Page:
The phenomenon was captured by 62-year-old Wilma Stark, who spent her vacation in Dunkeld in Scotland.
The woman was walking in the woods when she came across a silky hair-like ice, which usually forms on a deadly ice.
The day before it was snowing, and when it melted, it was a cold, dry day. When it rains, logs are the ideal material for absorbing moisture and forming hairy ice. Their rotting porous interiors are filled with water and, when the water freezes, the ice crawls out through the pores of the frozen tree, forming thin threads.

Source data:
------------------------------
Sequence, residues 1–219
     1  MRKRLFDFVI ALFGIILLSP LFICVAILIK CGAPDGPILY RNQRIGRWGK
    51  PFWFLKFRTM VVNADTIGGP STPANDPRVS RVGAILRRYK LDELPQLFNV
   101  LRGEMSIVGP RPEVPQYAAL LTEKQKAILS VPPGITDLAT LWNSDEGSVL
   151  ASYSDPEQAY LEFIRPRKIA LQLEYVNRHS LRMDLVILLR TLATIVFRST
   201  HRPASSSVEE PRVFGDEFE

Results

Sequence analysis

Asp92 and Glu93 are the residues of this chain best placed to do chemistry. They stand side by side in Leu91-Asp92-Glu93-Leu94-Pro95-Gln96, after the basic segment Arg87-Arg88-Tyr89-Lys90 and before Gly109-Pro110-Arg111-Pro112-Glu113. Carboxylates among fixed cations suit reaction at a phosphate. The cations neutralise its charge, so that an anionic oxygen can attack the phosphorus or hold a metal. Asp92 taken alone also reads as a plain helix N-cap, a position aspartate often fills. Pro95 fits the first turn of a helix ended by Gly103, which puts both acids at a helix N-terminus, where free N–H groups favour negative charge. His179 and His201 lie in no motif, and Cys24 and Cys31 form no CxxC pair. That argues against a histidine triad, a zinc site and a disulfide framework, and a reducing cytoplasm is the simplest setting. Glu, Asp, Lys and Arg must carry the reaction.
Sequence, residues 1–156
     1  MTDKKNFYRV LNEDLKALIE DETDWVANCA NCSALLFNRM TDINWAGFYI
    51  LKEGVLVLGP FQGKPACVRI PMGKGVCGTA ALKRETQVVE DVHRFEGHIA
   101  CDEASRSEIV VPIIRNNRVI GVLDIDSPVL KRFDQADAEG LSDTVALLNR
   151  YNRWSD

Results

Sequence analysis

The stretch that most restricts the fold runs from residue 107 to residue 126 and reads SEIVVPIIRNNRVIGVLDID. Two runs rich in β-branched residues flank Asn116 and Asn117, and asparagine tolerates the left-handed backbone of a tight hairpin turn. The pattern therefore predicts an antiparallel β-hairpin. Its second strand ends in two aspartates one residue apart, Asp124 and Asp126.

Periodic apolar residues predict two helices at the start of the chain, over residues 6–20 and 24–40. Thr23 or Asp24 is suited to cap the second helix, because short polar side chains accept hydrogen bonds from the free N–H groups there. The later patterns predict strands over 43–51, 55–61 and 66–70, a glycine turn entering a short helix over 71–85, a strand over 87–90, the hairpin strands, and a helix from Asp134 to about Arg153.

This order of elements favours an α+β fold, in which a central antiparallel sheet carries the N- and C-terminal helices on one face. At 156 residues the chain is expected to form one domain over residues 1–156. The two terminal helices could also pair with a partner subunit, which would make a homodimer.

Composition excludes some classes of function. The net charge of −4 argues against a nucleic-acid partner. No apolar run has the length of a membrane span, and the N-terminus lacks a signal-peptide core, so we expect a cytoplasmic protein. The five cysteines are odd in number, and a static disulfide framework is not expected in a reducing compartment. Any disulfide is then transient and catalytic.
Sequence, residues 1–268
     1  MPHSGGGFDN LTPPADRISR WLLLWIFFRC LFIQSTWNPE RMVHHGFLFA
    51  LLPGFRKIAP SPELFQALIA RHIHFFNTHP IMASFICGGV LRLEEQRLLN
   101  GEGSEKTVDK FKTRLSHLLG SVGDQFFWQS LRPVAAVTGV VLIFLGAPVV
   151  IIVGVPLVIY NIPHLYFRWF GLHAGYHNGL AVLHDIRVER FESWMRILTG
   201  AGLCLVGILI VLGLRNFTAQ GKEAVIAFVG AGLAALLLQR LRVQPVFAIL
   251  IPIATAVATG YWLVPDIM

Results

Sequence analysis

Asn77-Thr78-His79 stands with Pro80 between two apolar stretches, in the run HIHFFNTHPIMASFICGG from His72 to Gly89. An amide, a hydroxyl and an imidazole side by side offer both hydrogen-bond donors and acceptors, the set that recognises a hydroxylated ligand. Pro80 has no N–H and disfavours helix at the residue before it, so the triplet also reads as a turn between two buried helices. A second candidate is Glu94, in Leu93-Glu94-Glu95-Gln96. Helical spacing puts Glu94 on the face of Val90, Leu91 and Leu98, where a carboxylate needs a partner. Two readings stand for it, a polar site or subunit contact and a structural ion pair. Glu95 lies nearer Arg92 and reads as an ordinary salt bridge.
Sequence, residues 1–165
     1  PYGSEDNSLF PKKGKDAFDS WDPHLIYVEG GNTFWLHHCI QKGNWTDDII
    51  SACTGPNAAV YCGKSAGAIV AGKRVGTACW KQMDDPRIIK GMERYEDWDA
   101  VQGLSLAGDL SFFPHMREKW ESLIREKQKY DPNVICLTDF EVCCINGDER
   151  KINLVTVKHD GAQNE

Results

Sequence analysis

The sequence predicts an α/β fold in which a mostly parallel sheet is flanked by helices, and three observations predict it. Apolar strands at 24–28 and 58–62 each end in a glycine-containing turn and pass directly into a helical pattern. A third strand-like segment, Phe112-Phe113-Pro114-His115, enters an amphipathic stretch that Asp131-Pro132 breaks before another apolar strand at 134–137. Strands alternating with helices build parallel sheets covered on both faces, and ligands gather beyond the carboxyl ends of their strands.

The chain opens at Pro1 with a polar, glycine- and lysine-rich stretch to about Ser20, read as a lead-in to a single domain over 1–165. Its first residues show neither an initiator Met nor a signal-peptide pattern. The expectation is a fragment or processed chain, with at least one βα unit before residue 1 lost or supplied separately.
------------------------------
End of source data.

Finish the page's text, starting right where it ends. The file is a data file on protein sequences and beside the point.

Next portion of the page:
This phenomenon was one of the first recorded by Alfred Uegener in 1918. He observed strange ice formations only in wet woodland and advanced the theory that the catalyst for the formation of ice hairs can be a fungus. In 2015, almost 100 years later, scientists finally linked the phenomenon of hairy ice with a fungus called Exidiopsis effuse.